News / USA

Obama to Visit Alabama; Death Toll from Storms Rise Above 300

This is an aerial view of damage to downtown Cullman, Alabama, after dozens of tornadoes ripped through the South, flattening homes and businesses and killing more than 200 people in six states in the deadliest outbreak in nearly 40 years, April 28, 2011
This is an aerial view of damage to downtown Cullman, Alabama, after dozens of tornadoes ripped through the South, flattening homes and businesses and killing more than 200 people in six states in the deadliest outbreak in nearly 40 years, April 28, 2011

U.S. President Barack Obama will travel to the southeastern U.S. Friday to get a personal look at the devastation left behind by violent tornadoes and thunderstorms Wednesday that killed at least 305 people.

Obama will meet with local officials and residents in the town of Tuscaloosa, Alabama, where entire neighborhoods were destroyed and at least 36 people were killed, including two students at the University of Alabama.  

Alabama sustained the brunt of the devastation from Wednesday's storms.  About 2,000 National Guard soldiers have been deployed in the state to assist local emergency crews in the cleanup efforts.  Obama signed a declaration late Thursday declaring a disaster in the state, making federal funds available to help residents, businesses and local governments in the recovery.  

Earlier Thursday, Obama called the loss of life "heartbreaking," and described the aftermath as "nothing short of catastrophic."  He promised the federal government will do everything it can to help the region recover.

The death toll across the region includes 204 in Alabama alone, plus 34 people in Tennessee, 33 in Mississippi, 14 in Georgia and 12 in Arkansas.  The other fatalities were spread across Virginia, Louisiana and Kentucky.  It was the deadliest tornado outbreak in the United States since 310 people were killed on April 3, 1974.

In some southern U.S. communities, the tornadoes flattened entire neighborhoods, left streets filled with debris, flipped over cars and knocked down trees and power lines, leaving an estimated 1 million people without power.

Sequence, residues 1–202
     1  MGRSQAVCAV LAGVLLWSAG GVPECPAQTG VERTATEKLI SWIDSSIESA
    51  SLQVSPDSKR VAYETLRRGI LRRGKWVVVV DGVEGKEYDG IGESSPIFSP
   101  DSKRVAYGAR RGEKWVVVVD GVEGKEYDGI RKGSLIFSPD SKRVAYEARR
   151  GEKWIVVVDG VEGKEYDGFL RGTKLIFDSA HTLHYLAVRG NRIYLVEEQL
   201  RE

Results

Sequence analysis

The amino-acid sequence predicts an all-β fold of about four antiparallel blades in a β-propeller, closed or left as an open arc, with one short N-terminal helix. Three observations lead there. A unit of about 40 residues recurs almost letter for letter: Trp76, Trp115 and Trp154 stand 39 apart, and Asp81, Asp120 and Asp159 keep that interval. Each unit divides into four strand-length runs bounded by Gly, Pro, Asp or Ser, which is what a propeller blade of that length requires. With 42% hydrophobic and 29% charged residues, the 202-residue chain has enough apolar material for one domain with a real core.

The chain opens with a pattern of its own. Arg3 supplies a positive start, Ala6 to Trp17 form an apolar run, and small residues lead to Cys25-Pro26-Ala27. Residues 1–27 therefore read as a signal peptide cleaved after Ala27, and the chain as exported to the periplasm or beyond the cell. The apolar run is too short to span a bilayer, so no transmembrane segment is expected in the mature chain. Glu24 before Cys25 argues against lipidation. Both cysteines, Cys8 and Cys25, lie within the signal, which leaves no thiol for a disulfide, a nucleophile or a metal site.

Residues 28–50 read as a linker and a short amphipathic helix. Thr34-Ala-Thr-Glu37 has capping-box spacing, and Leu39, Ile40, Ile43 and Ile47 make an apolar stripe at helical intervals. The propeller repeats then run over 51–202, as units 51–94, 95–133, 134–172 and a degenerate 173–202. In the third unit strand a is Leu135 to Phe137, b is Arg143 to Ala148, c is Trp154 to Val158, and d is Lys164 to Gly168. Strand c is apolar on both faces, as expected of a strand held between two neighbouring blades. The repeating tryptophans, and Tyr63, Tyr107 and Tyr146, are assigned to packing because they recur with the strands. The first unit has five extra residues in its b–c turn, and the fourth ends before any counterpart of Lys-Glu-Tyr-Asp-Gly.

Emergency crews were searching through ruined homes and toppled trees for survivors. Some residents said they barely escaped the destructive winds by sheltering in bathtubs, closets and basements.

Forecasters received reports of at least 160 tornadoes hitting the region by Wednesday night, some of them thought to be as wide as 1.6 kilometers.

The tornadoes were the second in a wave of severe weather to affect the southern United States this month.  A series of storms in early April killed at least 45 people in the region.

Some information for this report was provided by AP, AFP and Reuters.

You May Like

Video Five Patients Given Experimental Ebola Drug Said To Be Improving

Experimental drugs have been tried on six people: three Westerners and now, three African pyhysicians More

Video In Ukraine, Fear and Distrust Remain Where Fighting has Stopped

As Ukrainian military reclaims control of eastern cities residents rebuild their lives, but many say everyone is being treated with suspicion More

Video In Rural Kenya, Pressure Builds Against Female Circumcision

Girls learn to object; FGM practitioners face penalties from jail sentences to stiff fines More

This forum has been closed.
Comments
     
There are no comments in this forum. Be first and add one

Featured Videos

Your JavaScript is turned off or you have an old version of Adobe's Flash Player. Get the latest Flash player.
Five Patients Given Experimental Ebola Drug Said to Be Improvingi
X
Carol Pearson
August 19, 2014 11:43 PM